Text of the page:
Wikipedia history of GFLOPS costs

This is a list from Wikipedia, showing hardware configurations that authors claim perform efficiently, along with their prices per GFLOPS at different times in recent history.

In it, prices generally fall at around an order of magnitude every five years, and have continued to do so recently.


This list is from November 5 2017 (archive version). It is not necessarily credible. We had trouble verifying at least one datapoint, of the few we tried. Performance numbers appear to be a mixture of theoretical peak performance and empirical performance. It is not clear to what extent one should expect the included systems to be especially cost-effective, or why these particular systems were chosen.

The last point is in October 2017, and appears to be roughly in line with the rest of the trend. The last order of magnitude  took around 4.5 years. The overall rate in the figure appears to be very roughly an order of magnitude every five years.


Date Approximate cost per GFLOPS Approximate cost per GFLOPS inflation adjusted to 2013 US dollars[54] Platform providing the lowest cost per GFLOPS Comments
1961 US$18,672,000,000 ($18.7 billion) US$145.5 billion About 2400 IBM 7030 Stretch supercomputers costing $7.78 million each The IBM 7030 Stretch performs one floating-point multiply every 2.4 microseconds.[55]
1984 $18,750,000 $42,780,000 Cray X-MP/48 $15,000,000 / 0.8 GFLOPS
1997 $30,000 $42,000 Two 16-processor Beowulfclusters with Pentium Promicroprocessors[56]
April 2000 $1,000 $1,300 Bunyip Beowulf cluster Bunyip was the first sub-US$1/MFLOPS computing technology. It won the Gordon Bell Prize in 2000.
May 2000 $640 $836 KLAT2 KLAT2 was the first computing technology which scaled to large applications while staying under US-$1/MFLOPS.[57]
August 2003 $82 $100 KASY0 KASY0 was the first sub-US$100/GFLOPS computing technology.[58]
August 2007 $48 $52 Microwulf As of August 2007, this 26.25 GFLOPS “personal” Beowulf cluster can be built for $1256.[59]
March 2011 $1.80 $1.80 HPU4Science This $30,000 cluster was built using only commercially available “gamer” grade hardware.[60]
August 2012 $0.75 $0.73 Quad AMD Radeon 7970 GHz System A quad AMD Radeon 7970 desktop computer reaching 16 TFLOPS of single-precision, 4 TFLOPS of double-precision computing performance. Total system cost was $3000; Built using only commercially available hardware.[61]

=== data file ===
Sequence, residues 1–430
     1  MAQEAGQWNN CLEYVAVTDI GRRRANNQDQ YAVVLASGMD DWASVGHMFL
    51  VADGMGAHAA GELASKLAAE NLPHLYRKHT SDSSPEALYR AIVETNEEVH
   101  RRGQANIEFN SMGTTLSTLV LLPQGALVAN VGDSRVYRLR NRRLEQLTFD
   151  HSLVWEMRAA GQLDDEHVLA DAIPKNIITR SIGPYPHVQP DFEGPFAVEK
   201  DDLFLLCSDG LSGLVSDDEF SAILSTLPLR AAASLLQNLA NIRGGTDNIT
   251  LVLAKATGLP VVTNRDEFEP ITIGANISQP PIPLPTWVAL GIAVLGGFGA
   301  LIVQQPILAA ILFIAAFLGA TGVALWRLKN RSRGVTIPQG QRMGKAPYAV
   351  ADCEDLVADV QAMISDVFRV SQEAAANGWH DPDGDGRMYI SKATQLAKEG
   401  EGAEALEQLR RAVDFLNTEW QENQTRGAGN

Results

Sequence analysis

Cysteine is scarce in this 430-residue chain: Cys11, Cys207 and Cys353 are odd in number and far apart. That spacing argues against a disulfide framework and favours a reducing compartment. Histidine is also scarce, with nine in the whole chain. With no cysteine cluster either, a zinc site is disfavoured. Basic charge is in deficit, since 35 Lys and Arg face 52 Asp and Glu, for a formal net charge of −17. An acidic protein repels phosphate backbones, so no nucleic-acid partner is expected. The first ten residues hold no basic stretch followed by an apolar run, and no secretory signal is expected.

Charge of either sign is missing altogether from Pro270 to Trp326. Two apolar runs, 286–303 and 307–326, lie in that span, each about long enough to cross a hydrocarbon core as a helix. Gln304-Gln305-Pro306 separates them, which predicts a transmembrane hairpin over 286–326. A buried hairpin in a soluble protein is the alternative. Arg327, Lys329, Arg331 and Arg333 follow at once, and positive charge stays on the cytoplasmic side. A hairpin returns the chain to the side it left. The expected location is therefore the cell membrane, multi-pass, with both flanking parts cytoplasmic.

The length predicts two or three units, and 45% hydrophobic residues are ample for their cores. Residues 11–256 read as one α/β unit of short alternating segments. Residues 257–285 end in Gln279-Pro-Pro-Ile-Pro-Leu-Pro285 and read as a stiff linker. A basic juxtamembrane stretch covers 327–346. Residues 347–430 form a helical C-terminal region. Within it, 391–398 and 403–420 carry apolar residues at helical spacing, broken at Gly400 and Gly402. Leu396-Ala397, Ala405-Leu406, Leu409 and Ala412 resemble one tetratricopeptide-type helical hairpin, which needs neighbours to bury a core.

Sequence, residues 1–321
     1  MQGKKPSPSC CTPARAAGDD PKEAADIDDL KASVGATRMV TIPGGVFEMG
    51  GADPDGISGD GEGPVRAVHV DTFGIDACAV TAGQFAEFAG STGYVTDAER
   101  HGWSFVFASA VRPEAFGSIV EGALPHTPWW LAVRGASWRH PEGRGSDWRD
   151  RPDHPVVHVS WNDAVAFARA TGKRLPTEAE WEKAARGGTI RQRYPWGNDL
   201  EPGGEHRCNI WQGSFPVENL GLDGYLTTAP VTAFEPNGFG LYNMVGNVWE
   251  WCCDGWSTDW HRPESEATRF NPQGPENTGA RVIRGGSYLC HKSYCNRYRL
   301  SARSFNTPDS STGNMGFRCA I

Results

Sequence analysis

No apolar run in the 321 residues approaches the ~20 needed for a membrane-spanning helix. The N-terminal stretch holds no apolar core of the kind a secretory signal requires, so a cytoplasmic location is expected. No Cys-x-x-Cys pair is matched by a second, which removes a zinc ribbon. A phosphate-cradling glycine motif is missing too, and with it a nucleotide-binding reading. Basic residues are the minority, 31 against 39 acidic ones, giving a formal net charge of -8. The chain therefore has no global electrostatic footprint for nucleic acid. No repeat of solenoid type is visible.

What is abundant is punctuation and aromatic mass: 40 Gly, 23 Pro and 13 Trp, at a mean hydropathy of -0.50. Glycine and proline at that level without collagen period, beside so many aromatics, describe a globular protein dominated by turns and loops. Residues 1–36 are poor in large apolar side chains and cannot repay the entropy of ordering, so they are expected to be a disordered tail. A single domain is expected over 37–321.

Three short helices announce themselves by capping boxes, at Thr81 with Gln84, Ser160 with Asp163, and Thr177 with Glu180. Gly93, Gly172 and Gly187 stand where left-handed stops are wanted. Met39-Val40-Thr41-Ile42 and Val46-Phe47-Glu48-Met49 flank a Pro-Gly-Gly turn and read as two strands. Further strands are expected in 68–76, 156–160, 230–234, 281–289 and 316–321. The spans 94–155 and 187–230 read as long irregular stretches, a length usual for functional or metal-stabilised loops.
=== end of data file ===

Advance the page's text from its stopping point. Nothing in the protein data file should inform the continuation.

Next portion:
June 2013 $0.22 $0.22 Sony PlayStation 4 The Sony PlayStation 4 is listed as having a peak performance of 1.84 TFLOPS, at a price of $400[62]
November 2013 $0.16 $0.16 AMD Sempron 145 & GeForce GTX 760 System Built using commercially available parts, a system using one AMD Sempron 145 and three Nvidia GeForce GTX 760 reaches a total of 6.771 TFLOPS for a total cost of $1090.66.[63]
December 2013 $0.12 $0.12 Pentium G550 & Radeon R9 290 System Built using commercially available parts. Intel Pentium G550 and AMD Radeon R9 290 tops out at 4.848 TFLOPS grand total of US$681.84.[64]
January 2015 $0.08 $0.08 Celeron G1830 & Radeon R9 295X2 System Built using commercially available parts. Intel Celeron G1830 and AMD Radeon R9 295X2tops out at over 11.5 TFLOPS at a grand total of US$902.57.[65][66]
June 2017 $0.06 $0.06 AMD Ryzen 7 1700 & AMD Radeon Vega Frontier Edition Built using commercially available parts. AMD Ryzen 7 1700 CPU combined with AMD Radeon Vega FE cards in CrossFire tops out at over 50 TFLOPS at just under US$3,000for the complete system.[67]
October 2017 $0.03 $0.03 Intel Celeron G3930 & AMD RX Vega 64 Built using commercially available parts. Three AMD RX Vega 64 graphics cards provide just over 75 TFLOPS half precision (38 TFLOPS SP or 2.6 TFLOPS DP when combined with the CPU) at ~$2,050 for the complete system.[68]


The following is a figure we made, of the above list.

Further discussion

Trends in the cost of computing

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